20 July 2006


I don't remember to check Knitters Review all that often, but I was poking around there one day a couple of weeks ago and found this poll, which I loved. KR polls really only tend to scratch the surface of any issue, but I love that of the 1924 people who have taken this poll as of this moment, nearly three-quarters think that there may be something to the idea that knitting and spirituality are connected. That's 1400 people! And considering how many more knitters there are in the world who haven't taken the poll (I mean, how many thousands of people participated in the Knitting Olympics? over 4000? And how many more of us didn't participate? Like me?)... that's a lot of knitters who connect to The Great Something-Out-There (or, as I like to say, The Big Chick in the Sky). We could start a church. And if we can start a church, then we can start a REVOLUTION!

Ok, about the revolution...too much? Too much.

I think that knitters already have started churches, actually. Weekly knit-nights, S'nB groups (or whatever we're saying these days that isn't a contested trademark), whatever you call 'em. They're knitters' church. Come together, from your different worlds and busy lives, shut out the chaos and the obligations for just a moment, join each other in this space to learn and grow and share something of ourselves with another person who would otherwise be a total stranger, but who isn't because you have this common love for something that is greater than yourselves, bigger than each individual would be on his or her own. We don't always know why we do it, except that we have to -- something has called us to create, to build, to join, to love. Something bigger than we are is calling out to us, inviting us to be a part of this world that not everyone sees or appreciates or understands. And we can make the whole world a better place, simply by listening to that Something Bigger, giving ourselves to it, letting go of all that external stuff that's holding us back, and connecting -- stitch by stitch -- to this fabric that we are creating, and which in turn creates us.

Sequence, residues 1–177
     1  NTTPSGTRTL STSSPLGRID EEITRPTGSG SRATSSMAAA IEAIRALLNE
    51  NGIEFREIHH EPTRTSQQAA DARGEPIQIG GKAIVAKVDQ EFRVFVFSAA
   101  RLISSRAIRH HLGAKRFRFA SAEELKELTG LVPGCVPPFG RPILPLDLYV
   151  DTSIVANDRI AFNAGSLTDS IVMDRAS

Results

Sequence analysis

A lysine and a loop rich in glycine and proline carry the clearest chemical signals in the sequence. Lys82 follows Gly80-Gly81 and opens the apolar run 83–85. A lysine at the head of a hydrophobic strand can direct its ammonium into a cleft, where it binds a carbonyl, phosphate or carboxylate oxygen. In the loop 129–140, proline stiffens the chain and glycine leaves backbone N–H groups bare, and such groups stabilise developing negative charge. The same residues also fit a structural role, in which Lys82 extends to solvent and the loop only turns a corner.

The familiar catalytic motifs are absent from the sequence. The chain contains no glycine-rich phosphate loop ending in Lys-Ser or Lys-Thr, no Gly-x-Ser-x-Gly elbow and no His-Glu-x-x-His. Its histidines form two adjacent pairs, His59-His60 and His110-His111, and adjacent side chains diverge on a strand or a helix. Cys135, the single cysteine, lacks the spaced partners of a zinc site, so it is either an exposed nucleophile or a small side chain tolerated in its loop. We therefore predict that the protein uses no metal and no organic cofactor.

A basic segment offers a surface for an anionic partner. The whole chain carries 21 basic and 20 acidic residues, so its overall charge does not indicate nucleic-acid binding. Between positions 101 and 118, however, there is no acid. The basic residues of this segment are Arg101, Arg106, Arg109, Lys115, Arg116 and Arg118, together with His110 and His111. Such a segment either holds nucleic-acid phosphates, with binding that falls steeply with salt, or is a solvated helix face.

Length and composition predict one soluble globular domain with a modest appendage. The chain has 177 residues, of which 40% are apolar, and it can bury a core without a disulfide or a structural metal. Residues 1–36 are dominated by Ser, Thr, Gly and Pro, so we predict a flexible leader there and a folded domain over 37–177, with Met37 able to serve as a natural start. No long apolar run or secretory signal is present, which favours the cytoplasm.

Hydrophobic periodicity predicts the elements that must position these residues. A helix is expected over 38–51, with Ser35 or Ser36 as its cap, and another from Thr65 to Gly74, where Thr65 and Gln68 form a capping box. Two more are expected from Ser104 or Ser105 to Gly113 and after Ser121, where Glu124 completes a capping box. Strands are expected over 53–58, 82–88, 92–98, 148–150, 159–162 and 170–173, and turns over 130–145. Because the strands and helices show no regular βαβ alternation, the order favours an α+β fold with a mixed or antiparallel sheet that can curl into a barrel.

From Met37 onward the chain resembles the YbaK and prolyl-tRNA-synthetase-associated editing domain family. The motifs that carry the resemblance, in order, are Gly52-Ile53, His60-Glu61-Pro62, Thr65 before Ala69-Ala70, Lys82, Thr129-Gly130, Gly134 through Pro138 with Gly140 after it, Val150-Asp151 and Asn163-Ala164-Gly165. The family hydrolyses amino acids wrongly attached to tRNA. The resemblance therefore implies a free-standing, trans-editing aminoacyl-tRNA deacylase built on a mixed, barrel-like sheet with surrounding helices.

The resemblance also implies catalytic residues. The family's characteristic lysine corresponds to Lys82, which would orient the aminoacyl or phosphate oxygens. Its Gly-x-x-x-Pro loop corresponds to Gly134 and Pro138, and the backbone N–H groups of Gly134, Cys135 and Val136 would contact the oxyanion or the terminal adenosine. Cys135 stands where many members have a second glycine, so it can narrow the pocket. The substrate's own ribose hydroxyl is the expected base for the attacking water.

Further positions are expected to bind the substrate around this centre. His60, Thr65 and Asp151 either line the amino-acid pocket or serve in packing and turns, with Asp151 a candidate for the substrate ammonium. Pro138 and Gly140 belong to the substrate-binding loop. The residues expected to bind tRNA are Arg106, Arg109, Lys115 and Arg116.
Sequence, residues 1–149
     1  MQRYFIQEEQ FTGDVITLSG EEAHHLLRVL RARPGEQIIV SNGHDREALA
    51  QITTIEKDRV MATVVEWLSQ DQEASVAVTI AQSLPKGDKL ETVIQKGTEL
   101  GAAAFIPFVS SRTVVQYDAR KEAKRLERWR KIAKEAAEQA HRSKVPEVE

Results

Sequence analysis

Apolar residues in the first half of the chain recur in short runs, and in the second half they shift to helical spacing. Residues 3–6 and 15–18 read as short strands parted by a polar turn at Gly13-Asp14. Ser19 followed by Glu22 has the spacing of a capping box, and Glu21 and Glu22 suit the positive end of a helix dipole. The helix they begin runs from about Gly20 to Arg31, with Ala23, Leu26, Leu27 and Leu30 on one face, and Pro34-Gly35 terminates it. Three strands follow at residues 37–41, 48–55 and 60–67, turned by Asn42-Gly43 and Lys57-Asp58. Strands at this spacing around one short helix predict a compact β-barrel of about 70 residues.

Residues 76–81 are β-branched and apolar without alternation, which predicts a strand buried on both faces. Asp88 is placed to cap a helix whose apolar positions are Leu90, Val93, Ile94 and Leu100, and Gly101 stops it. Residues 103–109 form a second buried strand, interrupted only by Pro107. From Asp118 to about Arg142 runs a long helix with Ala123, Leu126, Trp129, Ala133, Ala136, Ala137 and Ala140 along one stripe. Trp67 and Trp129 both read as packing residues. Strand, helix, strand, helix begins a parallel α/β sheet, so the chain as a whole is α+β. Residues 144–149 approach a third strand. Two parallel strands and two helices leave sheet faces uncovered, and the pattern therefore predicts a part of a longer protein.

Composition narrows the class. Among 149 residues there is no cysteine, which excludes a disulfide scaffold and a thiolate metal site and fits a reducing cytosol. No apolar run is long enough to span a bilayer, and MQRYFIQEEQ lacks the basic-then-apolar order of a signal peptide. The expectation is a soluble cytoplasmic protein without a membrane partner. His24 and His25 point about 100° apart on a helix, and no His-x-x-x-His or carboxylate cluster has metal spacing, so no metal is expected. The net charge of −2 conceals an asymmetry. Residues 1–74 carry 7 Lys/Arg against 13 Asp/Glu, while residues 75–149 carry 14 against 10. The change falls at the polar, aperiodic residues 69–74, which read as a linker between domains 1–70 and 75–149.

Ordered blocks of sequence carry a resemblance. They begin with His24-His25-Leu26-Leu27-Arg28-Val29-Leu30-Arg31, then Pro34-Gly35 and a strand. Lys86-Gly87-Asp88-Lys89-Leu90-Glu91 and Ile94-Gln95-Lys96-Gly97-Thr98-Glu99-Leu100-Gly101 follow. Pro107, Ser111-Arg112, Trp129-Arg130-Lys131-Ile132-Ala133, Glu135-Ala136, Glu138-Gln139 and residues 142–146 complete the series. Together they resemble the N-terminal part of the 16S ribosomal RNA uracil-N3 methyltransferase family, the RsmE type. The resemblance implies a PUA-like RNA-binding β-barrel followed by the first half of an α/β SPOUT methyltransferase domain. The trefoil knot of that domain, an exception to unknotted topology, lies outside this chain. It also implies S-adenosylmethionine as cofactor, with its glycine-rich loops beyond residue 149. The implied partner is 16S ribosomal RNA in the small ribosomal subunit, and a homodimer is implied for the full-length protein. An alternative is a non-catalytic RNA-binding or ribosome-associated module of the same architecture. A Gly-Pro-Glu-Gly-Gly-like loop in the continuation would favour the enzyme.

And I don't just mean the physical fabric of the garment that we're making out of needles and yarn and time and effort. I mean the spiritual fabric, the metaphorical and metaphysical fabric, knitting us to one another, to the person who receives the garment we make, to the other people who share this calling to create, to the Big Chick in the Sky who breathed into us and gave us the needles and yarn and told us to be fruitful and multiply. That fabric stretches over all of us, bundling us together, blanketing us in this Something Bigger.